Menachem Rosensaft was born within walking distance of a place that was conceived for death and where his mother barely survived.
The Bergen-Belsen concentration camp in Germany.
The international lawyer, expert on genocide law, and American Jewish community leader, has tried to reconcile his life story and a conflicted relationship with God.
Poetry has helped and he’ll be releasing a book, “Poems Born in Bergen-Belsen", in April to mark the Jewish day of remembrance for Holocaust victims.
Children inhabit many of the poems, inspired by his mother's five and a half year old son Benjamin, killed along with his father and grandparents on arrival at Auschwitz in 1943.
Here he reads one of his poems and explains his reasons for writing.
"Ashes, not dew, covered Your mornings, dying children saw your back, did not hear Your voice.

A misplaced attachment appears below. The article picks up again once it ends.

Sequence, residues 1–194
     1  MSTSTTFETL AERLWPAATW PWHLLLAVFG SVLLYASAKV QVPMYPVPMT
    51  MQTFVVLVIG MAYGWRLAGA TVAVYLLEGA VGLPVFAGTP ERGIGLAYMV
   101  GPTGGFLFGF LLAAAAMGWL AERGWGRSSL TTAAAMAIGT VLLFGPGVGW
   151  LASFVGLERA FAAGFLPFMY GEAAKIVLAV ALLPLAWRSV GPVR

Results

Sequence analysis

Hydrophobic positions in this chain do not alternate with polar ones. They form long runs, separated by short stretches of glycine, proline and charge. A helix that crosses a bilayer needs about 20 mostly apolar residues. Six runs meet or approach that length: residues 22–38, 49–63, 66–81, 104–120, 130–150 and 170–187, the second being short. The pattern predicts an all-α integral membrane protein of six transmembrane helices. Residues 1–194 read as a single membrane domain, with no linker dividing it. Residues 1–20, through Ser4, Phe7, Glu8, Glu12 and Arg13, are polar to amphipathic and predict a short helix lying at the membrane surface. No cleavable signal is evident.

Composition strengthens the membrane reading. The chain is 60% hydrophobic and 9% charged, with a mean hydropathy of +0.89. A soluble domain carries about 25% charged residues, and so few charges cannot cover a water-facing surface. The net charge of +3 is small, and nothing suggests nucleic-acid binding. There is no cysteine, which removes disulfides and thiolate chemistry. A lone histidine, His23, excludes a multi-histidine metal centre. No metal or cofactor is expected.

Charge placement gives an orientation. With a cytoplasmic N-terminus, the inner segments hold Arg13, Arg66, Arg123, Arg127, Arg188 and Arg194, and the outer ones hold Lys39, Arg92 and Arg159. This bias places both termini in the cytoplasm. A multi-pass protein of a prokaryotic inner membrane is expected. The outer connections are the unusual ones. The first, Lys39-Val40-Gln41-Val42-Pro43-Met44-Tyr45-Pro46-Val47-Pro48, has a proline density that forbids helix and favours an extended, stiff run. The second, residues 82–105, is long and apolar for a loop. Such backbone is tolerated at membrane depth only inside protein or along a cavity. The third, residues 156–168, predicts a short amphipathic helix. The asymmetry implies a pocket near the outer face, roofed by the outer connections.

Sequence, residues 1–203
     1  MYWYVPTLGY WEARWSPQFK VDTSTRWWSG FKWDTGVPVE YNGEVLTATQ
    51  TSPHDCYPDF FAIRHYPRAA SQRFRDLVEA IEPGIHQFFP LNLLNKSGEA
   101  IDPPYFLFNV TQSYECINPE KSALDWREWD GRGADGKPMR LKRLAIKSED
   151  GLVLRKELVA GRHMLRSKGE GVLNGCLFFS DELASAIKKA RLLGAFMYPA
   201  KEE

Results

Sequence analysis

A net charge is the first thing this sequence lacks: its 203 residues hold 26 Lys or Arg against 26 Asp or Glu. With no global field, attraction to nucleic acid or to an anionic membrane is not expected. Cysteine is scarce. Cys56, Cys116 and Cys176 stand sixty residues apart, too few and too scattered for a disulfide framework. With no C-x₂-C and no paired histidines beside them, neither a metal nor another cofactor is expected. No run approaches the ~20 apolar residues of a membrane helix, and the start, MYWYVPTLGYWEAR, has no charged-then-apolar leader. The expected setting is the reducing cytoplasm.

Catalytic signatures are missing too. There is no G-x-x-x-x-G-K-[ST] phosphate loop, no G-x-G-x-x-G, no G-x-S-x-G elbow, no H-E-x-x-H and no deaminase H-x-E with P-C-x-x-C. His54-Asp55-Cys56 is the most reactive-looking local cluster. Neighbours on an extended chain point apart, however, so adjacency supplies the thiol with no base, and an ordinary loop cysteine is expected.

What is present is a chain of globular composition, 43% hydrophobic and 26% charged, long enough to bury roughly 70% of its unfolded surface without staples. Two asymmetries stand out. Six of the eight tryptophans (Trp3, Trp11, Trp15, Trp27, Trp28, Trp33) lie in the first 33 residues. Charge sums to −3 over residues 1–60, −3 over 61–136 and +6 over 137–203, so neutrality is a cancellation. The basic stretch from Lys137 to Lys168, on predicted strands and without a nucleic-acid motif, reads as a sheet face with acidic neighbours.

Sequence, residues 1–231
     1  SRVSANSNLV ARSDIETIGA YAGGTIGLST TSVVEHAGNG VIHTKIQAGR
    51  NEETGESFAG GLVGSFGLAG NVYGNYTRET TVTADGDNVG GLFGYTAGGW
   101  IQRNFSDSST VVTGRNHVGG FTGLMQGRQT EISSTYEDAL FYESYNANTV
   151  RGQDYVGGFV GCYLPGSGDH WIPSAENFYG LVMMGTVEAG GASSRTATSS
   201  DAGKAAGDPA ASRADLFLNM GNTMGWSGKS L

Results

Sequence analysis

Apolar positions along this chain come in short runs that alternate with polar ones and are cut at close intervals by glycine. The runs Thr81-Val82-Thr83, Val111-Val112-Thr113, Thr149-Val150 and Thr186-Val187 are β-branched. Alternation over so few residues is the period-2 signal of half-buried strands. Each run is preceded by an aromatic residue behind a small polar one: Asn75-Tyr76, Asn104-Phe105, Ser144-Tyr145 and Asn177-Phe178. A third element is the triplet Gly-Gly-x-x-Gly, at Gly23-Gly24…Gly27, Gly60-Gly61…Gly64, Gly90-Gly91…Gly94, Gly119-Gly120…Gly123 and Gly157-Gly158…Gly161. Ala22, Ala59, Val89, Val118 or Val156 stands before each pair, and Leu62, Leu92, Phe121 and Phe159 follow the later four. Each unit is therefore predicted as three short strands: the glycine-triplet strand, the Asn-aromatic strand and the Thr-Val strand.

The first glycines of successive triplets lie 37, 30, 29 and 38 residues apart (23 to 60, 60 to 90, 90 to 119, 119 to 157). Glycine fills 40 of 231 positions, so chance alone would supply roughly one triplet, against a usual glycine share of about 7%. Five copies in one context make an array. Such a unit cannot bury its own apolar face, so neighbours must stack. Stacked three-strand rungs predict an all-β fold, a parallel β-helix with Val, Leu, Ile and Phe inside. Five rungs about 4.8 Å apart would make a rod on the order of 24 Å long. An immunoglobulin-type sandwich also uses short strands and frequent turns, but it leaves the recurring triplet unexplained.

"My mother's last memory was her son asking her, this is a five-and-a-half year-old child, asking her: "Mummy, are we going to live or die?" And my mother said she did not answer the question, she could not answer the question. Perhaps my poems are a way to give my brother and through him the million to million-and-a-half other children, a measure of immortality. As we go forward, yes, we need to keep the presence, the memory of the Holocaust alive not just to commemorate the dead, which of course is critical, and to keep the remembrance as a kind of a spiritual element, which is critical, but we also need it in order as a warning. This is what can happen if racism, if fascism, if white supremacy are allowed to go unchecked, are allowed to go to their unfortunately very logical extremes."